So, I’m in month 3 of my first year of teaching. It’s still challenging, frustrating and very rewarding at times. I still have my battles with the Reading and Writing Workshop Model, but I am slowly starting to see the benefits of it–even if I’m not always sure what they are.
But, there is one issue I still have problems with. At the school I work at, I’m one of a few teachers who are male, and of those male teachers, I can count on one hand how many of them are black men. There are 100 teachers on staff at my school apparently, and educators of color are in the minority at my school. In my particular academy, I’m the only black literacy teacher…PERIOD. There are other black literacy teachers, but in my particular academy a big deal has (and still is) being made because I’m the only black male working there this year.
At times, it doesn’t bother me: I have always been used to being “the only one” or “one of a few.” I was one of a handful of students of color at both my undergraduate and graduate schools–the grad school touting itself as being a bastion of diversity and equality. It reallly wasn’t, But, that is another post in and of itself. Yet, there are times when it does bother me. Specifically, it bothers me because some of my white colleagues tend to use that as a kind of “fall back” when trying to explain to me how I have such an easy time teaching.
I have been trying to tell people that I have been struggling and screwing up left and right. I have had my second observation by my assistant principal, and it was WAY better than the first one. I still have a lot of improvements to make. But, of course, no one sees that since I teach in the honors academy. The honors academy I work at is known for hiring either Ivy League grads OR students from very prestigious schools of education. But, it doesn’t mean that I am any better than anyone else. I have always wanted to be a teacher, and I am committed to education and all that it offers the students I teach, etc.
But, there was one particular episode that really made me question how ignorant and disturbing people can be when it comes to dealing with a colleague who isn’t white. The situation in question happened a week before the holidays. During one of my free periods, I was walking the halls of an academy on another floor of my school. I was hoping to speak to a friend of mine who teaches there, but she wasn’t in her room. So, I decided I wanted to check the floor out. I was told that the kids on this floor were extremely unruly and evil. Yet, the ones I met from the floor were very kind and respectful to me, since I started teaching there in September (I think it has a lot to do with the fact that I’m cool with their teacher, who everyone loves to death.) On this particular day, I was walking past a room where there was complete chaos. Kids were screaming at each other, throwing paper and pencils at one another–it was scary. The teacher, a NYC Teaching Fellow in her first year–like me, was completely frustrated. So, I walked into her class and asked her if she needed help with calming her class down. She said yes, and I helped her out with doing something I do in my classes every day: There were students who were quietly waiting for class to start. I went over and thanked them and told them to take out their materials for class and gave them a sticker for their behavior (Who knew that middle school kids like stickers so much? It was a class of 6th graders.) I did this for two other tables in the classroom.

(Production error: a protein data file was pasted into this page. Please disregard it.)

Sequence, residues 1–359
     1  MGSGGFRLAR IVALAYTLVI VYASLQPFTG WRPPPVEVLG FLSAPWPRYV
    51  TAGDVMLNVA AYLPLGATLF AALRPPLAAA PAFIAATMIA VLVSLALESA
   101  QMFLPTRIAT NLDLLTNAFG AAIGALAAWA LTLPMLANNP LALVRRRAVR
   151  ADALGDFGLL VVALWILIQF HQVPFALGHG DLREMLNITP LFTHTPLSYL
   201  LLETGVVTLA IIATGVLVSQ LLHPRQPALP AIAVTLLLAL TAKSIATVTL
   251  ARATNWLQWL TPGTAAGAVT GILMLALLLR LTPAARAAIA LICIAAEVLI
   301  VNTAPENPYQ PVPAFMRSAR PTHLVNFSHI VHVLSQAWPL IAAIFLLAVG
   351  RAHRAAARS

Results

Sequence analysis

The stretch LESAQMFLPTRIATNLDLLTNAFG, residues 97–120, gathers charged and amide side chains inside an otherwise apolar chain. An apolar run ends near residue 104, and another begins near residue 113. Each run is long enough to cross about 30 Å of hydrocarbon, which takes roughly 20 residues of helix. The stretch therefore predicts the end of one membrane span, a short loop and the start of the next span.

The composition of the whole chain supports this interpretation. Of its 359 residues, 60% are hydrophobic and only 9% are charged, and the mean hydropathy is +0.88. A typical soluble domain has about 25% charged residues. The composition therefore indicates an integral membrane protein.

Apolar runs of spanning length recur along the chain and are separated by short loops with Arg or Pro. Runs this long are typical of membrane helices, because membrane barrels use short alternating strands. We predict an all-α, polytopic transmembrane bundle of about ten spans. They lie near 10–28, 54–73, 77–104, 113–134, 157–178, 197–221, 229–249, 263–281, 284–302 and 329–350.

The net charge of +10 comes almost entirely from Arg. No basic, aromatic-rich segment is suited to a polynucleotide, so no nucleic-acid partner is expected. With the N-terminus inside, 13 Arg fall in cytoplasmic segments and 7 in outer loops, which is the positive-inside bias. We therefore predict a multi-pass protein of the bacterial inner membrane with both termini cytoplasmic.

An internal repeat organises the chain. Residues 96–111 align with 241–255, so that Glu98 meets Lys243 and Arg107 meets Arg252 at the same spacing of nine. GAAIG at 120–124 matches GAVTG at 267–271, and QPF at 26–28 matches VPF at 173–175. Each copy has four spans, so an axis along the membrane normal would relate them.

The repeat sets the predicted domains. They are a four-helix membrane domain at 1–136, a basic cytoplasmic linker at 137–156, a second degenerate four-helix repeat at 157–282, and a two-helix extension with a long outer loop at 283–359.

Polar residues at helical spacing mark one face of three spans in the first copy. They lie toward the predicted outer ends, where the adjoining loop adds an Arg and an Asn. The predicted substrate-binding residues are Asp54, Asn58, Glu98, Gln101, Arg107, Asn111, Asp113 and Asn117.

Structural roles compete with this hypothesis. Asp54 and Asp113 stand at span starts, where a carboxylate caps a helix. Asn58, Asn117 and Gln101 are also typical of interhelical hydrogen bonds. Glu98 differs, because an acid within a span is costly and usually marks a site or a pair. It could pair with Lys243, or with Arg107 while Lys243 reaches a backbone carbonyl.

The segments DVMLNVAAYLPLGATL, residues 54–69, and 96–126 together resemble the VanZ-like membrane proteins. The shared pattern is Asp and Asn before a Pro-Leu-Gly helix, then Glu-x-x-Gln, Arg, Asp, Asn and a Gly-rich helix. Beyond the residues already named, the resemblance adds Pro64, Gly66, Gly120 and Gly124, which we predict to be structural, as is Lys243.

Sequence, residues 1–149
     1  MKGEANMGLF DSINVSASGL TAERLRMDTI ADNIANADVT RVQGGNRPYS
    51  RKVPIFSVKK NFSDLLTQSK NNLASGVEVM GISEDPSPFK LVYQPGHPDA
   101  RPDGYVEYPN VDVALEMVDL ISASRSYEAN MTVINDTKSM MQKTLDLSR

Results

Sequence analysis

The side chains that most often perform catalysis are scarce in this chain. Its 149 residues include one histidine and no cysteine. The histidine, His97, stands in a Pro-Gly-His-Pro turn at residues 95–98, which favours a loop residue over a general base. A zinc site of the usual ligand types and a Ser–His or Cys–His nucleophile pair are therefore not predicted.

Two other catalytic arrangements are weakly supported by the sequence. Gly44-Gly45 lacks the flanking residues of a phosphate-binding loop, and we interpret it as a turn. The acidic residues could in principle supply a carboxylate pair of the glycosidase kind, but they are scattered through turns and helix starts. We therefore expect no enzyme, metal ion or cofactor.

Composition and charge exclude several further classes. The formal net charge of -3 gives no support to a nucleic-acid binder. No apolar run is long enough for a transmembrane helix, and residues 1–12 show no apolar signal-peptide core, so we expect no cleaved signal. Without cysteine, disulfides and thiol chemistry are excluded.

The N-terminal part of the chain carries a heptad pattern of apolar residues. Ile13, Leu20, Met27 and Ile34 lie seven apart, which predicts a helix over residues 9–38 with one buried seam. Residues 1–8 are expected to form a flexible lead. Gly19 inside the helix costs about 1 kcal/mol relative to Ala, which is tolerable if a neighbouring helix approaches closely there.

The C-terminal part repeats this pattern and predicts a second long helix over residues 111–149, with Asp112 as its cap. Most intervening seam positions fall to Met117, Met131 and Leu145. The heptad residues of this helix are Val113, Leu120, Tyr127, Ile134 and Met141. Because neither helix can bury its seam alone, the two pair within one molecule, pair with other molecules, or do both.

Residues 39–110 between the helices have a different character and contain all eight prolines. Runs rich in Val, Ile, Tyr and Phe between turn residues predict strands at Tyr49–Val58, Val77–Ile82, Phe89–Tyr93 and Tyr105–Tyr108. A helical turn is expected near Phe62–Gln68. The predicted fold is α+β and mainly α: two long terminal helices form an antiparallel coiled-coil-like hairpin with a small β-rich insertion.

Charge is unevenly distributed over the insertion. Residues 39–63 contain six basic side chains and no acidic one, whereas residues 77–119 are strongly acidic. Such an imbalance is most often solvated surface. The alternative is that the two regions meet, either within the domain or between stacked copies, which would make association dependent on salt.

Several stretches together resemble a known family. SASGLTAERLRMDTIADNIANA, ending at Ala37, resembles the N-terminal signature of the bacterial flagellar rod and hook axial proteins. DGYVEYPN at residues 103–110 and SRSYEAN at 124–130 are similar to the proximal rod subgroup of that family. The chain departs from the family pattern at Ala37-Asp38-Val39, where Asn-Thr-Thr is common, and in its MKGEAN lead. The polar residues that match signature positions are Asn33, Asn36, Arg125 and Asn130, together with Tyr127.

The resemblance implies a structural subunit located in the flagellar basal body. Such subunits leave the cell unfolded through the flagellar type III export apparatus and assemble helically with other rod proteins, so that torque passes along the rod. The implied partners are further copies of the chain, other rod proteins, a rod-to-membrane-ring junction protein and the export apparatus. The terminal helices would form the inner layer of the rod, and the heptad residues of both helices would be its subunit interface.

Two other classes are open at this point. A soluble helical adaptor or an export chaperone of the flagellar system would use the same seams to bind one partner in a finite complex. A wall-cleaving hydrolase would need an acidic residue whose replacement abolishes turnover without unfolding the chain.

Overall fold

The other kids who were talking loudly and acting up stopped. They wanted to know why the other kids got stickers. I smiled, and told them: “It’s very simple. The kids who got stickers were quiet, followed the teacher’s directions and waited for class to begin. Yet, because the rest of you don’t know how to act and checked your manners at the door, you won’t get a sticker from me. Now, what you need to do is to take out your pen or pencil, open your reader’s response notebook and copy the directions on the board. Once you do that, you will wait for Ms. — to begin.” The class was quiet. Now, mind you, it has taken me a couple of months to be able to calm my classes down. My biggest strength is not yelling. I can get my point across by being firm and raising my voice to make a point. I’m still working on this as a classroom management technique, but it is one that works for me.
The class quieted down and the teacher proceeded with class. I thought things would be fine then. But, they weren’t. I finally got to the teacher’s lounge for lunch and ran into the teacher and her friends. The teacher was happy I helped her with managing her class, but she killed the entire comment with one of the most irritating replies one could give me: “Oh, it must be so easy for you. You’re black, and they look up to you. They connect with you immediately. I’m a white woman, and they don’t respect me at all. You must understand their situation completely….”
I just looked at her. Seriously? Since I am a black man, I connect with black and latino kids quickly? OKAY….I don’t think so. It would be easy to say that!